5 horror classics on DVD. Find out which thrillers are worth renting

By Ty Burr
October 18, 2004 at 04:00 AM EDT
The Evil Dead II: © Rosebud Releasing Corp/Courtesy Foto Fantasies
THE NAKED AND THE DEAD Ted Raimi in ”Evil Dead II: Dead by Dawn”
EW.com counts down the top 5 scariest movies
by Ty Burr

What makes a great scary movie? Buckets of gore? Stomach-knotting suspense? A classic monster? That shot of the heroine oblivious to the killer looming OUT OF FOCUS IN THE DOORWAY?!? Our countdown of the best Halloween DVDs covers all the ghoulish genres, from creepy comedy to full-out fearmongering. Put one on and reduce your party (or yourself) to shrieks of delight. Just don’t answer the phone…


No. 5

Image credit: The Old Dark House: Kobal Collection/Universal

The Old Dark House

Starring Charles Laughton, Boris Karloff, Gloria Stuart
Directed by James Whale
First released 1932

WHY Because it’s a) An unsung classic horror flick from Frankenstein director James Whale, b) a sly parody of horror flicks from one smart filmmaker, c) a total ”turn off the lights and shriek” party experience. Have a potato?

PEAK SHRIEK That’d probably be when the stranded-in-a-storm travelers sneak upstairs to discover the demented family patriarch (who’s played by a woman — go figure).

DVD EXTRAS Two audio commentaries, one of which is by hotcha costar Gloria Stuart — who went on to 1990s fame playing the older version of Kate Winslet in ”Titanic.”

Introduction No. 4

Image credit: Evil Dead 2: © Rosebud Releasing Corp / Courtesy Foto Fantasies

Evil Dead II: Dead by Dawn

Starring Bruce Campbell
Directed by Sam Raimi
First released 1987

WHY Because it’s the funniest gore flick of all time. Or the goriest comedy. Take your choice, but don’t watch it after a full meal.

PEAK SHRIEK The moment when, as he battles the forces of hell, our supermarket-clerk hero (the brilliant Bruce Campbell) fights his own possessed hand — and suddenly comes through with an homage to the Three Stooges.

DVD EXTRAS The audio commentary track from Campbell and director Sam Raimi (among others) is legendary among DVD buffs for its off-the-wall humor.

 No. 5 No. 3 


imageCredit += ‘ Evil Dead II: © Rosebud Releasing Corp/Courtesy Foto Fantasies’

Image credit: Rosemary’s Baby: Kobal Collection/Paramount

Rosemary’s Baby

Starring Mia Farrow, John Cassavetes
Directed by Roman Polanski
First released 1968

WHY Because it’s the one Satan-worship movie that’s actually elegant and subtle and suspenseful. Which only makes it creepier. If that idea bores you, hey, your loss (but go on to No. 2).

PEAK SHRIEK Easy: When Rosemary (Mia Farrow) is brought to see her baby by her nice, devil-cult New York neighbors. “What have you done to its eyes?” “He has his father’s eyes?”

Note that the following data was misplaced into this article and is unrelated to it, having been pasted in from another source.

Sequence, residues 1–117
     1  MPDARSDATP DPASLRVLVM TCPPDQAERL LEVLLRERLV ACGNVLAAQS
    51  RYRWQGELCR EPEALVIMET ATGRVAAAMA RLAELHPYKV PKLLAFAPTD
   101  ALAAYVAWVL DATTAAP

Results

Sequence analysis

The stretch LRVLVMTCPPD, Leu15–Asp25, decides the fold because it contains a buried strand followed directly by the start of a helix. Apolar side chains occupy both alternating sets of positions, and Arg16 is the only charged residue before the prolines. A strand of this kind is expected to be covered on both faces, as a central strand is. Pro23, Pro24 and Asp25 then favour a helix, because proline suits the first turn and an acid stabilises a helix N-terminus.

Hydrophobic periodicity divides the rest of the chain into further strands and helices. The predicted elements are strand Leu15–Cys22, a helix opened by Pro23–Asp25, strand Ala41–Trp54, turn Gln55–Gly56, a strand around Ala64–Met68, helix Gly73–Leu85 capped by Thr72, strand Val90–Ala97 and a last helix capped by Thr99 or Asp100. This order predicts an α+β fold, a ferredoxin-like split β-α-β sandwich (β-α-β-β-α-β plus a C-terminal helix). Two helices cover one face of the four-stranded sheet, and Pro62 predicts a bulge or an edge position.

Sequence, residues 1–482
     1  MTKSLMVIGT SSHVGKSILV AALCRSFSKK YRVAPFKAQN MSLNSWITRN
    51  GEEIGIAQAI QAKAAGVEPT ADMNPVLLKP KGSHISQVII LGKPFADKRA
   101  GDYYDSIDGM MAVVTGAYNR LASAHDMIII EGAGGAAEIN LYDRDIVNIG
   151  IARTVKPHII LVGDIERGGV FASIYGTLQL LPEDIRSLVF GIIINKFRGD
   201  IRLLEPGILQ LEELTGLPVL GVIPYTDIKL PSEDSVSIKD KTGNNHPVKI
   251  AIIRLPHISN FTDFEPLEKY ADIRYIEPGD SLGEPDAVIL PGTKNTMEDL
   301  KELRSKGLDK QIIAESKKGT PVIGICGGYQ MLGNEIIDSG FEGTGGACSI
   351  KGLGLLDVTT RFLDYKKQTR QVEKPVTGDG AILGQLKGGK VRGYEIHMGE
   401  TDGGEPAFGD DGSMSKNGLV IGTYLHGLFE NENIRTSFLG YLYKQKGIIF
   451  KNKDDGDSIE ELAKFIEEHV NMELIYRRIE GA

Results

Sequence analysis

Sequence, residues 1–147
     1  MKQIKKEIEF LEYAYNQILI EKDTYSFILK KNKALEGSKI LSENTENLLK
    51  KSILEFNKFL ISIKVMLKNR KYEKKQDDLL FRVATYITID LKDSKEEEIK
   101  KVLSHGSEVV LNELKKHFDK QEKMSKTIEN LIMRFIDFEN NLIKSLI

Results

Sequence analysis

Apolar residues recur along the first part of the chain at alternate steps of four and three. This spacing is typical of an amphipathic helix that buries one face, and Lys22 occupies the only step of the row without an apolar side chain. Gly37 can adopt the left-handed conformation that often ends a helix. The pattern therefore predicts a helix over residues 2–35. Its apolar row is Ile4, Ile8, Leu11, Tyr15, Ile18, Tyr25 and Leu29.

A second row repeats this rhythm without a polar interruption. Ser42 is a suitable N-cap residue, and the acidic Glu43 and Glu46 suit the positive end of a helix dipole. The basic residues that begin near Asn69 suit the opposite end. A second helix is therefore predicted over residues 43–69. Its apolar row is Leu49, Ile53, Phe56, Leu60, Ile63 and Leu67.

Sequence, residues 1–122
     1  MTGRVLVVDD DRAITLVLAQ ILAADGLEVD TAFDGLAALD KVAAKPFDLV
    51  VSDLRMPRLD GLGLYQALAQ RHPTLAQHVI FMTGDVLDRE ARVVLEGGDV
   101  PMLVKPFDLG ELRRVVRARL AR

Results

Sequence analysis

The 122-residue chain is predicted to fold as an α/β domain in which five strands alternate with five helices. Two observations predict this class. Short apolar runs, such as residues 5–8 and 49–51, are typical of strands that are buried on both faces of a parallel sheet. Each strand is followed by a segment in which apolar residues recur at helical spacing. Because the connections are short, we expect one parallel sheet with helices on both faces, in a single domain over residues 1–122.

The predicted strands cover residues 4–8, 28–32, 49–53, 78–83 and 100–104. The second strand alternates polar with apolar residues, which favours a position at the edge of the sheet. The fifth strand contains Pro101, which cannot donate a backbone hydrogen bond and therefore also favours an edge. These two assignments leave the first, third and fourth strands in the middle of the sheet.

DVD EXTRAS A featurette made during the filming shows director Roman Polanski living the late ’60s high life with wife Sharon Tate, soon to fall victim to the Manson family.

 No. 4 No. 2 


Image credit: The Exorcist: Everett Collection

The Exorcist

Starring Linda Blair, Ellen Burstyn
Directed by William Friedkin
First released 1973

WHY Because it’s the least subtle but most undeniably scary story of Satanic possession ever made, and it’s most people’s benchmark of modern horror.

PEAK SHRIEK You can keep the head spinning and pea-soup vomit. The part that really freaks us out is when Linda Blair’s skin gets that “help me?” rash.

DVD EXTRAS “The Version You’ve Never Seen” DVD has 12 minutes of previously unseen footage — including the notorious “spider walk” sequence. The “25th Anniversary” DVD preserves the original cut and ponies up an excellent BBC documentary about the film.

 No. 3 No. 1 


Image credit: Halloween: Everett Collection


Starring Jamie Lee Curtis, Donald Pleasence
Directed by John Carpenter
First released 1978

WHY Because it’s the granddaddy of teen-slasher flicks, and still more primal (and thus more frightening) than any of the gazillion knock-offs that have pounded its breakthroughs into cliché. And, yes, we mean Scream too.

PEAK SHRIEK This one’s hard, since the movie is basically a series of shockers strung along a thin plot. And that’s its genius. But we’d have to go for the simple shot of Michael Myers standing in the doorway, covered by a sheet and wearing a dead guy’s glasses?

DVD EXTRAS The “Collector’s Edition” DVD also includes the “television cut” that director John Carpenter assembled around the time of Halloween II, including 14 minutes of new footage shot at that time (which is why Jamie Lee Curtis is wearing a towel on her head in one new scene — her hairstyle was different).

 No. 2 Introduction